Case leaders: Meira Levinson, Jacob Fay

Location: Eidman Courtroom

3:00 Summary comments and farewells: Sandy Levinson, Meira Levinson

Location: Eidman Courtroom

RSVP Here: https://goo.gl/forms/WDIX1DNo11XwqVD93

Note: Teachers can get Continuing Education credit through the State Bar of Texas.

6 comments

  1. Wish I could be there!

    On Tue, Feb 13, 2018 at 3:05 PM, Fault Lines in the Constitution wrote:

    > Cynthia & Sanford Levinson posted: “On February 16 and 17, co-author and > law professor Sanford Levinson is holding a free symposium at the > University of Texas Law School on “Civic Education in a Time of Upheaval.” > Presenters include lawyers, teachers, ethicists from the United States and > th” >

    Liked by 1 person

  2. I await links to various of the panels of this symposium, including the panel on Fault Lines.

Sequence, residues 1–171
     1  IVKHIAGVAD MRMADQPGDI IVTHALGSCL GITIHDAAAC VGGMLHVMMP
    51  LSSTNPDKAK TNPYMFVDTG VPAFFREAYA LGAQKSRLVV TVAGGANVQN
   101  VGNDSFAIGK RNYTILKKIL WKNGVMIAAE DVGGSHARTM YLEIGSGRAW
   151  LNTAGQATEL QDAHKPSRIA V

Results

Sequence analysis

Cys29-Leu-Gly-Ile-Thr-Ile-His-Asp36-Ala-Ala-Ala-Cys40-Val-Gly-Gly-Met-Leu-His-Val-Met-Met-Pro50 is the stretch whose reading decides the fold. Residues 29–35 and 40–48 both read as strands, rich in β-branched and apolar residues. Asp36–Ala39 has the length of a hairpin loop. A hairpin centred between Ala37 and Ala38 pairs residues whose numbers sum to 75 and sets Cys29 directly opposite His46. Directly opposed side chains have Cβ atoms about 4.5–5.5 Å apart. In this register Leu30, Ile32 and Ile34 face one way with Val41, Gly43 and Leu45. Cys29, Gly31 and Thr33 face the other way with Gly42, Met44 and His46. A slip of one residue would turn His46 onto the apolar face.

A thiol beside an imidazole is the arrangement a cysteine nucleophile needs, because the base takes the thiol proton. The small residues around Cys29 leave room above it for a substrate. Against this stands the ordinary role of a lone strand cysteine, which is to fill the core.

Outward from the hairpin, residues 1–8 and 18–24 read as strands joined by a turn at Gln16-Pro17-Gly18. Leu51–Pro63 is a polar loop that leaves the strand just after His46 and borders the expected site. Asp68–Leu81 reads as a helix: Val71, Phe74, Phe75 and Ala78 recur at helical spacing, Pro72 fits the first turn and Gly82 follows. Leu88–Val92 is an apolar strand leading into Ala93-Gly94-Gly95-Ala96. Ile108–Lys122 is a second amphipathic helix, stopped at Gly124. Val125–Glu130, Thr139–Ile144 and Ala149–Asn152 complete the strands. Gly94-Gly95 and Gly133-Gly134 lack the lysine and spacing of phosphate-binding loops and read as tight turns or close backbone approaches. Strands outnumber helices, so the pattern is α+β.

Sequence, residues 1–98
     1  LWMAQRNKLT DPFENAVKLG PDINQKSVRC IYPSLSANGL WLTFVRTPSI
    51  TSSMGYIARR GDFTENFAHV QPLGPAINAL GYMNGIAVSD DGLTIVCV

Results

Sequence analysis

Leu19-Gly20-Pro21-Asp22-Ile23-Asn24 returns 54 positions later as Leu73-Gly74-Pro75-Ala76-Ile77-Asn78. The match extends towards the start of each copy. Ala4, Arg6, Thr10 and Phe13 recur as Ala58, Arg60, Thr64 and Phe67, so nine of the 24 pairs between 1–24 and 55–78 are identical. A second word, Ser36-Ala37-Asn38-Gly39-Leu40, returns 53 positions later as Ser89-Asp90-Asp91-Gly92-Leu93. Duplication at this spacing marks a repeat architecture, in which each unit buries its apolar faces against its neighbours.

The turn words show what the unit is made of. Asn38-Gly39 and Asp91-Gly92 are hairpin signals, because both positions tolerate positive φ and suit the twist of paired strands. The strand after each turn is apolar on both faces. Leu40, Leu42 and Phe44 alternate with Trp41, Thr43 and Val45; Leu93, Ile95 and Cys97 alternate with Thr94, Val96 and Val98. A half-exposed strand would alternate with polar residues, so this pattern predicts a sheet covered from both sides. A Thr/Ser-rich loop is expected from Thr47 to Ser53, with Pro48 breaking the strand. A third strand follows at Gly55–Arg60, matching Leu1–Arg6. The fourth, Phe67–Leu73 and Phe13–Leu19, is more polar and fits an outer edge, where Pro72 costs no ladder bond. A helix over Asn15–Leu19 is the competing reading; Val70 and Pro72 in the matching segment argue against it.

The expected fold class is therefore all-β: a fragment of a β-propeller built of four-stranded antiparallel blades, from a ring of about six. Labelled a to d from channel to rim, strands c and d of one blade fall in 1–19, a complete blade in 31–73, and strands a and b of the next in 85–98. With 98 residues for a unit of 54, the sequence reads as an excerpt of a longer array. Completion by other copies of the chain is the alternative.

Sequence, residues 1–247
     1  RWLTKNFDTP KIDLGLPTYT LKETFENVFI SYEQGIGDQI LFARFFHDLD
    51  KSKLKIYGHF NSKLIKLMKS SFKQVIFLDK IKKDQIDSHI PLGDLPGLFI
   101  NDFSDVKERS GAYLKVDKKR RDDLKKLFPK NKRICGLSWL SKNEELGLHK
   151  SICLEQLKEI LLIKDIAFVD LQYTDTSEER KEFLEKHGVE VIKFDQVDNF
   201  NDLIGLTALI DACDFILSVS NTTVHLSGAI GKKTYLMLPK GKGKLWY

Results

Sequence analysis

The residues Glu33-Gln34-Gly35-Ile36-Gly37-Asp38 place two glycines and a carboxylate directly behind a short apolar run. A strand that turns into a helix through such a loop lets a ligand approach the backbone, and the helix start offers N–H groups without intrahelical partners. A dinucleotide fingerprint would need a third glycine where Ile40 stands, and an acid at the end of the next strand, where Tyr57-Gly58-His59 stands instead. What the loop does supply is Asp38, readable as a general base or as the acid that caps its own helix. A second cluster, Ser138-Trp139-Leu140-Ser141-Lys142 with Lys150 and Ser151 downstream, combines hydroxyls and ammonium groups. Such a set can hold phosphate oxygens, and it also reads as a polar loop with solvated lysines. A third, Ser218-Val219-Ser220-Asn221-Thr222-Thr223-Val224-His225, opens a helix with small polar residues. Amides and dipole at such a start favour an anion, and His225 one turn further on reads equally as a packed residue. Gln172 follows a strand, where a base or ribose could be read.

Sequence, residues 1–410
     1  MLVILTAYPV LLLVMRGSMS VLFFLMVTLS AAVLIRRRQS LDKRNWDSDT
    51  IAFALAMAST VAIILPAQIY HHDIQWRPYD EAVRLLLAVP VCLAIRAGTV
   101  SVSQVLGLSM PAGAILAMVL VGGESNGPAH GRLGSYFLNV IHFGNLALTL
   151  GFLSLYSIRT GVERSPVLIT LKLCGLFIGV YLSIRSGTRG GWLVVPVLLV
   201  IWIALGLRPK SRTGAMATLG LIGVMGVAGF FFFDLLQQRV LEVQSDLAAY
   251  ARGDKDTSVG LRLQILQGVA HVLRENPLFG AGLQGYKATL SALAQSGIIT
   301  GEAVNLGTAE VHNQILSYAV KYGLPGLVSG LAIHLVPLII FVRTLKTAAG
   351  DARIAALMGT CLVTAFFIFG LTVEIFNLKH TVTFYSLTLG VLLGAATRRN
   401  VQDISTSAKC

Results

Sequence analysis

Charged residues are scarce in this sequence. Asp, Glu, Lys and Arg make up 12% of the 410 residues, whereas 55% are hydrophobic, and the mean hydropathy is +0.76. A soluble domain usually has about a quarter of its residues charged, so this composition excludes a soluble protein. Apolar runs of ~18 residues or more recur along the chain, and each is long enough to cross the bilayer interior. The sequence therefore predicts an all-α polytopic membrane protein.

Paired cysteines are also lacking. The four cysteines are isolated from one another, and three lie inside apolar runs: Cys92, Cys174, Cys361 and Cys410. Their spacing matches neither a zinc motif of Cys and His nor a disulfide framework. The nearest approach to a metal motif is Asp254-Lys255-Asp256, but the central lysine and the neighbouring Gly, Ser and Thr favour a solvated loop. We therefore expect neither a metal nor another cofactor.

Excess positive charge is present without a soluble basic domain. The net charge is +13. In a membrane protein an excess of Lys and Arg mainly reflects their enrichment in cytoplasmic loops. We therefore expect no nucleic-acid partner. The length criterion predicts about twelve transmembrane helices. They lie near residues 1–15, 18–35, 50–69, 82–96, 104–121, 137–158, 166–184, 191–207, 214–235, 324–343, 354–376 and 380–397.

The tragic Parkland school massacre is bringing about a grass roots civics venture led by its high school students for marches on March 24 aimed at actions to address mass shootings at schools, aimed at the NRA and its political enablers. Marches by high school students will lead to how they might vote when they come of voting age. Political candidates cannot ignore them. SCOTUS’s Heller and Citizens United decisions (each 5-4) helped pave the way for the NRA’s blood money support of many Republicans in Congress to thwart gun control legislation.

    At the symposium, educators and others addressed the issue of civics in education. Perhaps this grass roots movement in response to Parkland by high school students will finally have an impact on mass shootings in schools. But I have concern as to how the powers to be would address the 2nd A in civics education.

    Liked by 1 person

  3. We’ll let you know when the Symposium goes online. Good question about the Second Amendment. I heard a Republican campaign consultant this morning acknowledge that that is an issue.

    Like